Capitec disputed a claim by rival First National Bank that it had become the first bank in South Africa to introduce a mini-ATM that uses biometrics. Picture: Reuters

CAPE TOWN - South African retail bank Capitec has announced that they have settled a legal dispute with Summit Financial Partners, who accused the bank of breaking the country’s credit laws.

In 2016, Summit sued Capitec in early 2016, accusing it of breaking credit laws, and lending recklessly. Capitec has since denied the allegations.

In a statement on Friday (29 June), Capitec said that the case has been withdrawn.

“All Summit assisted and initiated court and NCR cases involving Capitec have been withdrawn. The principle contention in these cases was against the multi loan product which Capitec discontinued in February 2016.

“Both parties have agreed to work together in improving the unsecured lending industry for the benefit of all South Africans. This initiative will include programs to improve consumer financial literacy, providing effective consumer debt relief solutions and building consumer financial capability.

“We believe that this is an important joint step in bringing positive change in the South African credit industry,” the bank said.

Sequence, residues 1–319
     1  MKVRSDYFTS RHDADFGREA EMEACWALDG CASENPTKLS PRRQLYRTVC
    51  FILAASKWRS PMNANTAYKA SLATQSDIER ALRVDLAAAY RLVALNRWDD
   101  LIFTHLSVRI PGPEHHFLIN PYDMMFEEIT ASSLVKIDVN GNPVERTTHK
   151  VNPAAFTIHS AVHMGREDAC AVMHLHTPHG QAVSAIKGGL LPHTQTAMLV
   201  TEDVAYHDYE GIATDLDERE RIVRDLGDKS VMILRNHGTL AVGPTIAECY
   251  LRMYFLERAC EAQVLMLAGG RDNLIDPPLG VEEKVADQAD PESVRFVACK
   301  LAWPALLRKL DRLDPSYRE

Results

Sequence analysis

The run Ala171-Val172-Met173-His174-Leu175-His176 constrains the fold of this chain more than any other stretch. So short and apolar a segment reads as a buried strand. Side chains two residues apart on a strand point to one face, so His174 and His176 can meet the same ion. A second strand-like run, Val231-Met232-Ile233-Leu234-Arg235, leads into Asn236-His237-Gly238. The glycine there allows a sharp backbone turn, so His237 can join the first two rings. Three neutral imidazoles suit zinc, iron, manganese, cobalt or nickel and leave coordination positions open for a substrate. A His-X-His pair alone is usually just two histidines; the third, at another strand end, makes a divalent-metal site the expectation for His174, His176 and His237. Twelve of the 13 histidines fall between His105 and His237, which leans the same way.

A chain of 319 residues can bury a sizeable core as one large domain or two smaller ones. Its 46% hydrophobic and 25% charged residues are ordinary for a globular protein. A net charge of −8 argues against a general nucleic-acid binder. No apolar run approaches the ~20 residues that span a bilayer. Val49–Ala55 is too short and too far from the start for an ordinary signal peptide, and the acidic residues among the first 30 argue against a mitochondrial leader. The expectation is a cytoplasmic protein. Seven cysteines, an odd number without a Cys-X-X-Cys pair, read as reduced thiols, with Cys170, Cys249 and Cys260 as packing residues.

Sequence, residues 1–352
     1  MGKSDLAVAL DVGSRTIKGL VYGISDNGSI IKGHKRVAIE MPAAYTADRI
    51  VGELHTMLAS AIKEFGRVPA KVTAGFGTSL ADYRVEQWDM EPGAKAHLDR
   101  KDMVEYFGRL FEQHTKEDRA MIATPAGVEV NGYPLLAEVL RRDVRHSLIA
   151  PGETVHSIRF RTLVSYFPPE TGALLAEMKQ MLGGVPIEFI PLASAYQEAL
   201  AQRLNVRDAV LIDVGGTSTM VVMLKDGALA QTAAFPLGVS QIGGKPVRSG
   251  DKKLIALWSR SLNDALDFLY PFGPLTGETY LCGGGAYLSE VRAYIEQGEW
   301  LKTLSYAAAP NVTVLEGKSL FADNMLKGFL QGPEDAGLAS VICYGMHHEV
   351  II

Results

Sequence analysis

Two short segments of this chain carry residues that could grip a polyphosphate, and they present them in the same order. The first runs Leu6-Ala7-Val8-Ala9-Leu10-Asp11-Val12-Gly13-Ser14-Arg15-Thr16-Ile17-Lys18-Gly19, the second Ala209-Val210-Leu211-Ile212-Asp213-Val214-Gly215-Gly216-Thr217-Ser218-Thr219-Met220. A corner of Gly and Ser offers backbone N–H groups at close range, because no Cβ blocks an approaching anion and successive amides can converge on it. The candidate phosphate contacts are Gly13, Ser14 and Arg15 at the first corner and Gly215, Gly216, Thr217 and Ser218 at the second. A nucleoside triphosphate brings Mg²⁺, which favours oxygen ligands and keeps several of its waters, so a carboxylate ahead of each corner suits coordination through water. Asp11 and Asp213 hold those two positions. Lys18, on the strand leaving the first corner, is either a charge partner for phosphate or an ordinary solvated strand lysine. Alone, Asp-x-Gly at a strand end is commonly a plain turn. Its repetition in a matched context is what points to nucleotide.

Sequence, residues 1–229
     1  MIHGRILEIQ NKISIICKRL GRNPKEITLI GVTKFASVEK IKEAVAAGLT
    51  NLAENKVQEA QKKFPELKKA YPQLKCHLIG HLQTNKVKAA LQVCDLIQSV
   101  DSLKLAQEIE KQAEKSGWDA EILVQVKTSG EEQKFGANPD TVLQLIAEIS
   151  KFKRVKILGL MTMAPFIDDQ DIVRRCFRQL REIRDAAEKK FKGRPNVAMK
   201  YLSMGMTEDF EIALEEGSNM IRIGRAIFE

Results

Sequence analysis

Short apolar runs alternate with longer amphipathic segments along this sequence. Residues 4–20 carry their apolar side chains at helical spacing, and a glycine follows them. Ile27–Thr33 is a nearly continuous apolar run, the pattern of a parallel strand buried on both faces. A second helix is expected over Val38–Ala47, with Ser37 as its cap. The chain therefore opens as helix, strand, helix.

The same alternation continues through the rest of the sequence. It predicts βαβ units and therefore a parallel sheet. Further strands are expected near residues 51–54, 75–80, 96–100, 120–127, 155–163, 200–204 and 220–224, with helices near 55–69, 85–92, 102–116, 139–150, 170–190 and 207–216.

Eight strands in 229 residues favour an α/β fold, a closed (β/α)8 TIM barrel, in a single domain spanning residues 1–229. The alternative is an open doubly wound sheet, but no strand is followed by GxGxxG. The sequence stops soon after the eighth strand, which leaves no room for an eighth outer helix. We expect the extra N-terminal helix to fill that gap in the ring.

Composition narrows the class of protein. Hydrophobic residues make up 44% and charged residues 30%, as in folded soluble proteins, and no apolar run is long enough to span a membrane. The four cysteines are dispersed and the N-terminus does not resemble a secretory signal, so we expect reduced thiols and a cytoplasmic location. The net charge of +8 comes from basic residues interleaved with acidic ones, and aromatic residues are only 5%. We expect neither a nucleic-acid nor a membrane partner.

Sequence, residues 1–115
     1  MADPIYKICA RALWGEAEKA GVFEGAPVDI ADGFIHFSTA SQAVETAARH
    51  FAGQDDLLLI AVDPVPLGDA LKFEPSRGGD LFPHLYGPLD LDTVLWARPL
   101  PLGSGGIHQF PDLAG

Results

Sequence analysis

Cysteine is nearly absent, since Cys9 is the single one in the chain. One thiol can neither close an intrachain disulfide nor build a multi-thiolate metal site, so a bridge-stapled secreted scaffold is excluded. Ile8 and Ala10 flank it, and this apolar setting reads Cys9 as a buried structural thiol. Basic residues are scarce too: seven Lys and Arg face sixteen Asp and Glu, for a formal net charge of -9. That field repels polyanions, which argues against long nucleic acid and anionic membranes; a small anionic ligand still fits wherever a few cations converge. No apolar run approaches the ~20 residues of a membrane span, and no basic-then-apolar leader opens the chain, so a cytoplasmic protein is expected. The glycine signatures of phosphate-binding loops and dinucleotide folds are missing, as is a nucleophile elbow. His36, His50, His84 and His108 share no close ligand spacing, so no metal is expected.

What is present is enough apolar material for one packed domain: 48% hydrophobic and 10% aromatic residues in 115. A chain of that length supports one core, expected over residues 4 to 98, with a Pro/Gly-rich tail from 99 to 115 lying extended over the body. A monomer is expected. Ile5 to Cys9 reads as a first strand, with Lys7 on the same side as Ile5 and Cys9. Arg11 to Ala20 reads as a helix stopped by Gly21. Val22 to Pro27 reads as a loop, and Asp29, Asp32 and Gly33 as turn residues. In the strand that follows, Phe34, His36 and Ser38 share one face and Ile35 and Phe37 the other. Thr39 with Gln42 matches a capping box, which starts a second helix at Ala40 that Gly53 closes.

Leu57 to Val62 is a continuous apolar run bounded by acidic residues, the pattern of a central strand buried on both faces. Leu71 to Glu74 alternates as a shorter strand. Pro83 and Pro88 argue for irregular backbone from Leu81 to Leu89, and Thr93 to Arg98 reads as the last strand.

Earlier, Viceroy has deemed Capitec "un-investable" and called for it to be placed under curatorship. The bank's CEO Gerrie Fourie hit back at Viceroy by challenging its research practices and accusing it of engaging with the bank through the media, instead of directly.

Capitec Bank chief executive Gerrie Fourie told Parliament members on Tuesday that the structure at Viceroy Research was questionable.

Viceroy Research as an institution is not stable, according to Fourie.

The research company is essentially made up of three people, two Australians, Aidan Law and Gabriel Bernarde, as well as a UK national, Fraser Perring.

What is more troubling is that the research company is linked to at least three hedge funds.

Members of Parliament's standing committee received a briefing from, among others, the South African Reserve Bank's (Sarb's) registrar of banks Kuben Naidoo.

 He said allegations of questionable loan practices made against the bank by United States short seller Viceroy, including that it artificially rescheduled loans, had been found not to be correct.

"In our opinion the key allegations are not correct, Capitec is well regulated and they have adequate capital," Naidoo said, noting that the bank had a good cost-to-income ratio of 34%.

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